SOCIOL 1000: Labor

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Department
Sociology
Course
SOCIOL 1000
Professor
Brueggemann
Semester
Spring

Description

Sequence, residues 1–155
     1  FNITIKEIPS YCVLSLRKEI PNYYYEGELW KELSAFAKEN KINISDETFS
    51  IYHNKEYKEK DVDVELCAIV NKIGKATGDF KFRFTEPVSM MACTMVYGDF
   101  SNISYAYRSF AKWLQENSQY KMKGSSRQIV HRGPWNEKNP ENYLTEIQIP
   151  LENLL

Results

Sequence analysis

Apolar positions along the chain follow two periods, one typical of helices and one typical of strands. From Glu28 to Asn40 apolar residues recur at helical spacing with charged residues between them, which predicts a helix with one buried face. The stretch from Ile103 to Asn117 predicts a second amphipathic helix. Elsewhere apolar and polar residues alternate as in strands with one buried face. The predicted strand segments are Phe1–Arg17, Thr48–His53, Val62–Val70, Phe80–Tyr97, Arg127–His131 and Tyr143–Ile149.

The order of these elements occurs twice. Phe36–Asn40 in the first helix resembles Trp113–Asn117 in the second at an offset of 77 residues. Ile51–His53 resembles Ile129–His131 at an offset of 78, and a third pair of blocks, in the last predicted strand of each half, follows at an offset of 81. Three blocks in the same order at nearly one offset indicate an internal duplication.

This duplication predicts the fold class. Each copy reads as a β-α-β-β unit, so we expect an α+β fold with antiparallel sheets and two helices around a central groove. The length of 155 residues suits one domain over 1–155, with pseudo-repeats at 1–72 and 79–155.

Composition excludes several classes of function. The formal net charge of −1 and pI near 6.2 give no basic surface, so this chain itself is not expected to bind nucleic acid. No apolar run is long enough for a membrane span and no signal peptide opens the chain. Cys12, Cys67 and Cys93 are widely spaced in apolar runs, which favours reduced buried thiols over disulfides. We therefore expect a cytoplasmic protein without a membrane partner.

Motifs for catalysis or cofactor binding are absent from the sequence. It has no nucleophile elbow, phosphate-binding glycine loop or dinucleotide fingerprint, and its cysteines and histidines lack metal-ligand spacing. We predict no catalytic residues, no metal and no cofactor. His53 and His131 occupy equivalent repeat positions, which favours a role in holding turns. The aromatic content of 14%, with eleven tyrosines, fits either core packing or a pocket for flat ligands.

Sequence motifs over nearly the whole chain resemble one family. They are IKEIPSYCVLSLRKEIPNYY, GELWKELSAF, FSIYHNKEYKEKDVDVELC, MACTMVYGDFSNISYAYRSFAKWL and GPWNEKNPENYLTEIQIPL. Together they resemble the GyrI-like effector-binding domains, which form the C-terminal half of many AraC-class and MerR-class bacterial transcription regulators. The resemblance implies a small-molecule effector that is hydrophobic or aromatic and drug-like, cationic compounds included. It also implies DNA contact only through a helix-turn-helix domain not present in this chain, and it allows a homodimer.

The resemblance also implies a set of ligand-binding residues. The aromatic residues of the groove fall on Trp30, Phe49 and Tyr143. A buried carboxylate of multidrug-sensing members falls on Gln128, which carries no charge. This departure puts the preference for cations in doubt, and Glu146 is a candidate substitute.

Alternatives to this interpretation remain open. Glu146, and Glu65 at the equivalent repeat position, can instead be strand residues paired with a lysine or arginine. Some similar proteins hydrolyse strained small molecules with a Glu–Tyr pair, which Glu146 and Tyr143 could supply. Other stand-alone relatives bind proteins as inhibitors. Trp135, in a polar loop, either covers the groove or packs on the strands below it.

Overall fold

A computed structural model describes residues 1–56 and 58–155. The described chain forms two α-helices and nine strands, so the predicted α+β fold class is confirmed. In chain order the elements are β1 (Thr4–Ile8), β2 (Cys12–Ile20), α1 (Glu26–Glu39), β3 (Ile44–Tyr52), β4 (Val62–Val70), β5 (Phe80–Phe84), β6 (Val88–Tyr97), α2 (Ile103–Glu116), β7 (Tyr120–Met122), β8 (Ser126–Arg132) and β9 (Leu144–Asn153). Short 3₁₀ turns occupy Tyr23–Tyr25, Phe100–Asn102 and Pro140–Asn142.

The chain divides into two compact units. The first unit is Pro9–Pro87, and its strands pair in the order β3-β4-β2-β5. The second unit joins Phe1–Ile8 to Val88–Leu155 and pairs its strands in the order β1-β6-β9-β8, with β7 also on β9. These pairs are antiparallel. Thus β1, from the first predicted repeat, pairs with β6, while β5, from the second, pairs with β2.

Labor Labor · Economists divide our economy into 3 economic sectors: 1. Primary Sector § Consists of activities that extract raw materials directly from the natural environment ú Ex:Agriculture, fishing, forestry ,mining, etc. § 1800: ~75% of those employed were either farmers or farm laborers § Today this percentage is fewer than 3% 2. Secondary Sector (Industrial Sector) § Involves activities that transform natural resources into manufactured products ú Ex: Manufacturing and factory jobs § Textile mills became a part of United States economy in New England in the 1800s § Until the 1960s, manufacturing jobs dominated the economy; today most of these jobs are outsourced to countries with cheaper labor costs 3. Tertiary Sector § Provides services rather than goods ú Ex: Fast food, retail, customer service, etc. § Accounts for more jobs today than in the past employing about 74% of workers in the United States § Different than other sectors, the tertiary sector demands emotional labor · Labor Force – Generally thought of as those who are participating in the exchange or manufacture of goods or services in an economy · In 2009, the United States labor force included approximately 150 million people (United States Department of Labor) Unemployment · Unemployment/Joblessness – Those currently without a job · When discussing the unemployment rate, we are really discussing those who: o Do not have a job o Have actively looked in the past four weeks o Who are currently available for work · The way we currently calculate the unemployment rate leaves out a percentage of the population who are still jobless · It is also an example of what Joel Best refer to as a false negative discussed earlier in the semester · Unemployment traits also ignore those facing underemployment · Underemployment – The condition of being employed at a skill level below what would be expected of a person’s training, experience, or education, along with those working fewer hours than desired Poverty · 2 types of poverty: 1. Absolute Poverty § Absolute Poverty – The condition in which people do not have the means to secure the most basic necessities of life 2. Relative Poverty § Relative Poverty –Afluid standard of deprivation by which people compare their lifestyles to others in a society · Poverty Line – The amount of money needed to support the basic needs of a household as established by the government · Poverty Thresholds – The dollar amounts that the Census Bureau uses to determine a family’s or person’s poverty status o Developed by Mollie Orchansky in the 1960s o Using survey data administered by the USDAin 1955, Orchansky found that on average, American’s spent 1/3 of their income on food o Using data from the Department ofAgriculture, Orchansky was able to estimate that a family of four would need at least $1,033 for food, and thus the poverty line was at $3,100 o The amount of money spent on food x 3 = poverty line o Using the same method today, the official poverty line for a family of: § Four in 2004 was $18,244 § Four in 2007 was $21,203 § Five (three children) in 2009 was $25,603 Criticisms of Poverty Line · Those that see poverty as being overstated: we should include government funding such as food stamps as income (decreasing the number of those under the poverty line) · Others see it as outdated because families spend less of their income (some estimate about 1/6) on food and more on transportation, housing, utilities, and other expenses (meaning the poverty line only accounts for ½ a family’s needs) · Elements that families regard as crucial to their household budget are not included, such as childcare, commuting and travel expenses, and medical costs · Create regional poverty lines to take into account the different costs and standards of living Poverty Rate · Poverty Rate – The % of people who are below poverty (typically calculated annually) · Poverty rate by race in the United States (2009-2019): o White – 14% o Black – 3
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